After much public quibbling, the city and state governments have reached an agreement that will allow them to fund the MTA's capital program. See what we can accomplish when we put down our swords/Twitter fingers?

New York State will contribute $8.3 billion to the program, while the city will chip in $2.5 billion. The $26.1 billion program is still about $700 million short, but the MTA says they'll manage to close that hole by making some "necessary program reductions," which hopefully won't short the G train.

The MTA's capital program has been a big source of tension between Cuomo and de Blasio of late—the agency had been pushing de Blasio to invest an unprecedented $3.2 billion, while the governor's office pledged a requested $8.3 billion to the fund. The city, meanwhile, offered $657 million, arguing that the state should shoulder the majority of the burden. There were some harsh words from all three parties, but thankfully now everything seems copacetic. "Today, with agreement on the largest Capital Program ever committed to the future of the MTA, we take a giant step toward making sure that this one-of-a-kind jewel of a system will continue doing what it must - keeping New York and the region moving, and moving ahead," MTA Chairman Thomas Prendergast said in a statement. "We are grateful to the State and City for making possible the largest MTA Capital Program in its history."

The deal, which requires funds not be diverted from the program, will also allow the city representatives to work with the MTA board on city-related projects, while suburban representatives will work closely with the agency on projects related to them. In a statement today, Mayor de Blasio praised the agreement for "ensuring that NYC dollars stay in NYC transit, and giving NYC riders and taxpayers a stronger voice."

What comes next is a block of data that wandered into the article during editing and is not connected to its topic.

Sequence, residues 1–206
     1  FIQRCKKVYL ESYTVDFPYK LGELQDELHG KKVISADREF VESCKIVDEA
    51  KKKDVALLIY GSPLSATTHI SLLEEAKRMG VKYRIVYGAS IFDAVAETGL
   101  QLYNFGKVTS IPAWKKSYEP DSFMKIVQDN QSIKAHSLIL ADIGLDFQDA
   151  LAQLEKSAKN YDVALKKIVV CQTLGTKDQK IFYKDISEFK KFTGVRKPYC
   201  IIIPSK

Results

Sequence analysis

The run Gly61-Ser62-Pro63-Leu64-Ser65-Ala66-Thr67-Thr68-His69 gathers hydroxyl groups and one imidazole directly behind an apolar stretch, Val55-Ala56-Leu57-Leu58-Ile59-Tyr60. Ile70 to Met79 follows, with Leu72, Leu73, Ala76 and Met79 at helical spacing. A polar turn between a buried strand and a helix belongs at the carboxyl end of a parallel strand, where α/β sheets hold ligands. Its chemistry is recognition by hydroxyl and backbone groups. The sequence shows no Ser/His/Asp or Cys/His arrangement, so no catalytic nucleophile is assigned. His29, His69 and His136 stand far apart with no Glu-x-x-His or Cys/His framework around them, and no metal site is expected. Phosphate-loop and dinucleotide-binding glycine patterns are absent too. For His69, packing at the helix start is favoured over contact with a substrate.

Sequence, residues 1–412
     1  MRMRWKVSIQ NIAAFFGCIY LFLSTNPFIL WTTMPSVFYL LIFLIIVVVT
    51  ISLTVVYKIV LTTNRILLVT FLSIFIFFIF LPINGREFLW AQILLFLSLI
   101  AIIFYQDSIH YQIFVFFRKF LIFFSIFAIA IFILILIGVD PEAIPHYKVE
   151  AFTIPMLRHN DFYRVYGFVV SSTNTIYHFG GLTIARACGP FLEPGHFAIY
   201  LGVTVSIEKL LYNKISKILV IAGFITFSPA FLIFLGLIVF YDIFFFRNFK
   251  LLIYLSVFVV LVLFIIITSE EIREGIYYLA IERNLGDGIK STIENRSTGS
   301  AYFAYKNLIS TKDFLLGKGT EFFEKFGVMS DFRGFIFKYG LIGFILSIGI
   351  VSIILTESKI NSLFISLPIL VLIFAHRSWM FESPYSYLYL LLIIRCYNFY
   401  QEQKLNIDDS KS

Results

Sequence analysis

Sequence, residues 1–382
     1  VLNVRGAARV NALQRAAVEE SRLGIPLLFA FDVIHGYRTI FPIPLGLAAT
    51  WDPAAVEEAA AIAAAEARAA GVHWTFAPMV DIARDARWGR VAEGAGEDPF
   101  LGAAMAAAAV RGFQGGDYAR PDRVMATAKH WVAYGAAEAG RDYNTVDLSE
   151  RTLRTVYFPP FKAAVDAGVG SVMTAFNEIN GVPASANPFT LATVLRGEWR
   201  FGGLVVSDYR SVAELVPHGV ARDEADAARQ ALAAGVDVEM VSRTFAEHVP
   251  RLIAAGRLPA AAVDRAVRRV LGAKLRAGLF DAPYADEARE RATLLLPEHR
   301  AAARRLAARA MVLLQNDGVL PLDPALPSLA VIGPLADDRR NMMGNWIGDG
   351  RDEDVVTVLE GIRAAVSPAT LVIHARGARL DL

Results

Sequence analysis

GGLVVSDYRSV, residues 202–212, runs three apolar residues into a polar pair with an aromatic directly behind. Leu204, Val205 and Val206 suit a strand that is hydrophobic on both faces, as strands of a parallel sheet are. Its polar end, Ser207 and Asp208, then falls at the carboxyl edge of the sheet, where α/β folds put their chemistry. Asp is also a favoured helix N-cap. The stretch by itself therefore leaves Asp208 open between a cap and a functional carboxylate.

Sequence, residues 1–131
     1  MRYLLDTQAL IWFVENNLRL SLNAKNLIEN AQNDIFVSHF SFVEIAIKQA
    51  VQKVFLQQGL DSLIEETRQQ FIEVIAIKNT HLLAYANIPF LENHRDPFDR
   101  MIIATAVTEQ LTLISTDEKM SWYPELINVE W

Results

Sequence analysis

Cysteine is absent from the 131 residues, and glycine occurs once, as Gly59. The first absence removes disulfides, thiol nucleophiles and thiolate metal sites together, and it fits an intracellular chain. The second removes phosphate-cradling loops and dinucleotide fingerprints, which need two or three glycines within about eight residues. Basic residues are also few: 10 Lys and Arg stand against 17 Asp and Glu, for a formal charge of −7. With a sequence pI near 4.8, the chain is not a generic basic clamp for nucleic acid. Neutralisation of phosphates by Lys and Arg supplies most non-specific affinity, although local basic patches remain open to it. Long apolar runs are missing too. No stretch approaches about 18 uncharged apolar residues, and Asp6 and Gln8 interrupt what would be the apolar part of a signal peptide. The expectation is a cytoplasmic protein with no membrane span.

TWU Local 100 President John Samuelsen also heralded the deal. "Over three thousand TWU members earn their livelihoods keeping our transit system in a state of good repair, and if the failure to properly fund continued, it would have hurt workers and riders alike, to say nothing of the long term negative impact on the region’s economy," he said in a statement, adding that the union's "aggressive media campaign" targeting Mayor de Blasio helped nudge the two parties to come to an agreement.

The funding agreement is also supported by riders' advocate groups like the Riders Alliance, NYPIRG Straphangers Campaign, Tri-State Transportation Campaign, Transportation Alternatives, and Pratt Center for Community Development. "After a year in limbo, today Governor Cuomo, Mayor de Blasio and Chairman Prendergast have reached a funding agreement on the MTA's 2015-2019 capital program," they said in a joint statement. "This is good news for the millions of daily transit riders from the region who rely on buses, subways and rail to get to work, home and services. It's also good news for the thousands of workers and businesses statewide whose jobs are supported and economic activity is generated by the supplies and labor needed to fulfill each 5 year program."

Robert C. Lieber, Chairman of the Urban Land Institute New York, applauded the MTA for "committing to collaborate with the city and the suburbs on city- and suburban-funded projects, an approach that should be used for all MTA capital programs going forward.”